Camping Stobrec.

Before I left for my little sojourn back in blighty we took the bus into Split from just outside the campsite.  Split and around is one of the most urbanized areas of the Adriatic coast.  As with all urbanised areas some of it is pretty grim but the overall situation of the city with the mountainous backdrop is very agreeable.  It’s a lively place even at this time of year with its bustling markets, seafront cafes, ferries, boats and marinas.

One of the markets in Split.
The seafront in Split.

The piece de resistance of Split, for me at least, is its warren of alleys hidden away behind the remains of Diocletian’s Palace. Built in 295 AD by the Roman Emperor Diocletian as a retirement home, measuring 200m by 240m, with a fortified keep and four towers, it must have been quite the des res.  Over the ensuing years after Diocletian’s successors had departed it was gradually, over time, remodelled into a labyrinth of houses, tenements, churches and chapels.  It really is fascinating with so many nooks and crannies to explore.  Boutique shops, little cafes and restaurants sit cheek by jowl with apartments airing the days washing.

Apartments within the old walls of Diocletians palace.
Washing day.
More washing within the walls.
Busy alleyways…..
……and not so busy alleyways.



Diocletian’s Palace.


We loved it.



Plitvice Lakes National Park…. .

A detour from the coast.  This will be a short post as I will let the pictures speak for themselves.  You don’t need me going on yada yada yada to see that the Plitvice Lakes National Park is quite something.  It is the single most visited natural attraction in Croatia.  Sixteen lakes strung out over eight kilometres with a series of waterfalls and cataracts connecting them.  It’s a pay to go in affair and needless to say can be very busy, especially along the boardwalk areas.

The pictures are courtesy of Tim’s camera.  My camera opened and snapped shut again on the first picture of the day.  Battery dead.  Tim’s words to me at breakfast that morning were ‘have you checked that your camera is charged’?  My reply ‘I had it on charge yesterday’.  Did I check it had charged though?  No.  Another lesson.  I am soooo rubbish with technology.

This is the scene that greets you on entry to the Park from Entrance 1.  You can see the line of people on the boardwalk in the sunlight to the left of the picture.


Quite a few people in the ‘must see’ bits of the Park.
The water is so clear.
October is a good time to visit for the autumnal colours.


A series of boardwalks guide you through parts of the Park.
The trails away from the boardwalks were very quiet.
The views from above the lakes were superb.
You can see the boardwalk beneath the falls.


Back down at lake level on a boardwalk.



Back towards Entrance 1 in the afternoon was much quieter than it had been in the morning.


October is certainly a good time to visit as it is less busy, still warm and the colours of the trees are striking.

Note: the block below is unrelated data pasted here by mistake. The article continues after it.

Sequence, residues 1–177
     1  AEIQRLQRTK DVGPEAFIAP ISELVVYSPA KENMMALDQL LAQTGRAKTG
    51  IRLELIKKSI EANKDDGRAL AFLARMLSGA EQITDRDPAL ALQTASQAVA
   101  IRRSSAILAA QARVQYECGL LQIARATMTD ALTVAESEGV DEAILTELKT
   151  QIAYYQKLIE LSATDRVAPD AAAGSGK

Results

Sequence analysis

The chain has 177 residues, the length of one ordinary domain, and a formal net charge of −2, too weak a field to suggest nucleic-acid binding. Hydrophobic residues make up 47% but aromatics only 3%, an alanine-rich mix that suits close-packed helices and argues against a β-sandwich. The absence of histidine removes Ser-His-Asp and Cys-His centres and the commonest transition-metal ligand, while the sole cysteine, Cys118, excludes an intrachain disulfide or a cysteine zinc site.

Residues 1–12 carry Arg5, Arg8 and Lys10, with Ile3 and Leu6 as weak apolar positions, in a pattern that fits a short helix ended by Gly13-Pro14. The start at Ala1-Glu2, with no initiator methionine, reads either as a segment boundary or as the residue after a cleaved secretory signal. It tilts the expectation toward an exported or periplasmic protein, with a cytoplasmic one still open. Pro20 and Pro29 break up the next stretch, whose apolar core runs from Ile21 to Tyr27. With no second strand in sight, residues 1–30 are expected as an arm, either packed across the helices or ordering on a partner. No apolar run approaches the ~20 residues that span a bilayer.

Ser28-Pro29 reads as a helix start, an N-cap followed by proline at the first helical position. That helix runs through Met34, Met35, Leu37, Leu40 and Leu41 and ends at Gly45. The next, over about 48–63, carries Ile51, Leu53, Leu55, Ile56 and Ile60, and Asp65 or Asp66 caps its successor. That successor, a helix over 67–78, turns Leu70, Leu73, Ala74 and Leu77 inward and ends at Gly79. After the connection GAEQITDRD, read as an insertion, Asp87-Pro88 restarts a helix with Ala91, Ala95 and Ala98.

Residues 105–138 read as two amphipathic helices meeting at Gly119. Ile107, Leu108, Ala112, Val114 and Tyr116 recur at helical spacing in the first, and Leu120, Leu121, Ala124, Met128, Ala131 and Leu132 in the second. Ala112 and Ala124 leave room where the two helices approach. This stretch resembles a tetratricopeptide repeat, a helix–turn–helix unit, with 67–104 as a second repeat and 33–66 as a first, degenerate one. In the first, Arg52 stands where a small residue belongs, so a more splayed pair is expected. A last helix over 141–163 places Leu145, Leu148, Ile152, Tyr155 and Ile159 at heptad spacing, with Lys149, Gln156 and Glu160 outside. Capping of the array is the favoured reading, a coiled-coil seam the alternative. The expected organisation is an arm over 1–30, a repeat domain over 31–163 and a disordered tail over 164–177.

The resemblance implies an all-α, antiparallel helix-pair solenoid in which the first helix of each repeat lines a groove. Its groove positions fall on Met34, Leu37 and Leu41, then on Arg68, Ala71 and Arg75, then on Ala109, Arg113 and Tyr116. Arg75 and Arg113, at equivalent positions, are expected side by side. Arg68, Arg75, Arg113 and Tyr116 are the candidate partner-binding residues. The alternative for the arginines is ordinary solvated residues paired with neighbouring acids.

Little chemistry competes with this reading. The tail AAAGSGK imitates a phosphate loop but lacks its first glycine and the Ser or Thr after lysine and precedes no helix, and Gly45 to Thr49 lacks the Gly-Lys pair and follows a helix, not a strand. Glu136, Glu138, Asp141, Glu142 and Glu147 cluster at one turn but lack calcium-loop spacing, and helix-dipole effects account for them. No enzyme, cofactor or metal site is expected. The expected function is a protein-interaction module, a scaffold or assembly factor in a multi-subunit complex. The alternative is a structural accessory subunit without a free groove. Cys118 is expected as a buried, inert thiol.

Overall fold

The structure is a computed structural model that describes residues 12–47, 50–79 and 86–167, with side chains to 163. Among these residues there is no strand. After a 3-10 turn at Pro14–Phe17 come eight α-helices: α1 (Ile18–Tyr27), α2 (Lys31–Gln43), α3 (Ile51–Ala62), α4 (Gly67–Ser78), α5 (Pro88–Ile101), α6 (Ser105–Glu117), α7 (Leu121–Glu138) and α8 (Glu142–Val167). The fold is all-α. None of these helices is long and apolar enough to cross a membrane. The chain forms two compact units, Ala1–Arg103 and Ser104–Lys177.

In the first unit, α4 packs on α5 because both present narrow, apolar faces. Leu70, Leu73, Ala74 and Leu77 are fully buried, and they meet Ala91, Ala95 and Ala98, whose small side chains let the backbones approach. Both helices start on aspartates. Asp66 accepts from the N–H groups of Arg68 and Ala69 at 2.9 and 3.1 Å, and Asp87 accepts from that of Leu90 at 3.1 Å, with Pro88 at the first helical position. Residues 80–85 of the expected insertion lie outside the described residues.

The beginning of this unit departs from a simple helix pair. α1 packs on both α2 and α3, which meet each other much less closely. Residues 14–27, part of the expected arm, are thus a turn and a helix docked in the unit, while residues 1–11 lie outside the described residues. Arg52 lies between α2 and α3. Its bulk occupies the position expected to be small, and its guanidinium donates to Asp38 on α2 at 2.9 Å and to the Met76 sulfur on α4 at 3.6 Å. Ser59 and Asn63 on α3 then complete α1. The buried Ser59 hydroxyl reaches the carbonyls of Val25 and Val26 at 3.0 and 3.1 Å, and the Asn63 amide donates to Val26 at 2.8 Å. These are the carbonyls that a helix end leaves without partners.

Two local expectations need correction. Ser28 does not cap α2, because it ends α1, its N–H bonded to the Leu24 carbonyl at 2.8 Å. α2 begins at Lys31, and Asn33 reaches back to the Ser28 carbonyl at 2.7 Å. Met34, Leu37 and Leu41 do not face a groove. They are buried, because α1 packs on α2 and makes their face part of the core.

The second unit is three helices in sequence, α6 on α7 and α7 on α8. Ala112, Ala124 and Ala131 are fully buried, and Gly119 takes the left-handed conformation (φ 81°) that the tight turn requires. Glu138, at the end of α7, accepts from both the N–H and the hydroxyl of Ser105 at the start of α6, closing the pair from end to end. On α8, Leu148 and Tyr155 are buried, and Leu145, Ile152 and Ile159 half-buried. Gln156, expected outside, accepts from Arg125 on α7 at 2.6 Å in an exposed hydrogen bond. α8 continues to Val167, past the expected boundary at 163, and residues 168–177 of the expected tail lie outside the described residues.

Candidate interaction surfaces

Cracking Croatia…. .

Krk is the largest of Croatia’s islands and apparently the most developed.  It is linked to the mainland by what our guide book describes as ‘a dramatically arcing bridge’.  We had to take the guidebooks word on that as we’d arrived in the pitch black after our little detour over Mount Učka avoiding what we had thought was a toll road.

Just around the coast from Njivice, Krk island.

The first thing that struck us about Krk, and much of the rest of Croatia we had seen, was how hilly it is.  In the years leading up to our trip I would come home from work, slump onto the settee with a cup of tea, and binge on repeat episodes of ‘A Place in the Sun’.  Not one of those episodes that featured Croatia do I remember it looking lumpy.  It is hilly, rocky and steep though.  At least on the coast.  And all the more appealing for it.

A Lidl taste of home found in, er, Lidl just outside Krk town.

I think October is a great time to be here.  The weather has been superb, the sea water is crystal clear, the campsites are very quiet, the traffic has been light and some of the small seaside towns are still quite lively.  For us it’s perfect.

Mmm, interesting technique!
Sunset at the beach just outside the campsite at Njivice.

It’s a walkers paradise with trails leading up into the hills directly from the coast.  We were spoilt for choice from the campsite at Baška, a beautiful seaside resort on the southern end of Krk.

The view above Baška.
So many routes it’s difficult to choose.


Blue is obviously ‘the’ colour for sheep this year.
All the trails have been well marked.
View towards the southern tip of Krk and the islands beyond.

The views from the Obzovo peak towards the other islands of Cres and Rab were fantastic.

Excellent free map given to us at the campsite at Baška which, unusually for a free one, showed the contour lines.

Back on the mainland again we pitched up at Camp Selce just outside the seaside resort of Crikvenica.  A perfect spot for some more swimming and hiking.

The water may be crystal clear but it is cold.
Our pitch at Camp Selce just outside Crikvenica.

A trail out of the town took us up to the peak at Drenin with more spectacular views.

On the top of Drenin peak looking towards Rijeka (Krk island to the left).


Wonderful walks and views direct from the campsite.

We had high hopes for our stay in Croatia and, so far, it hasn’t disappointed.

Laku noć!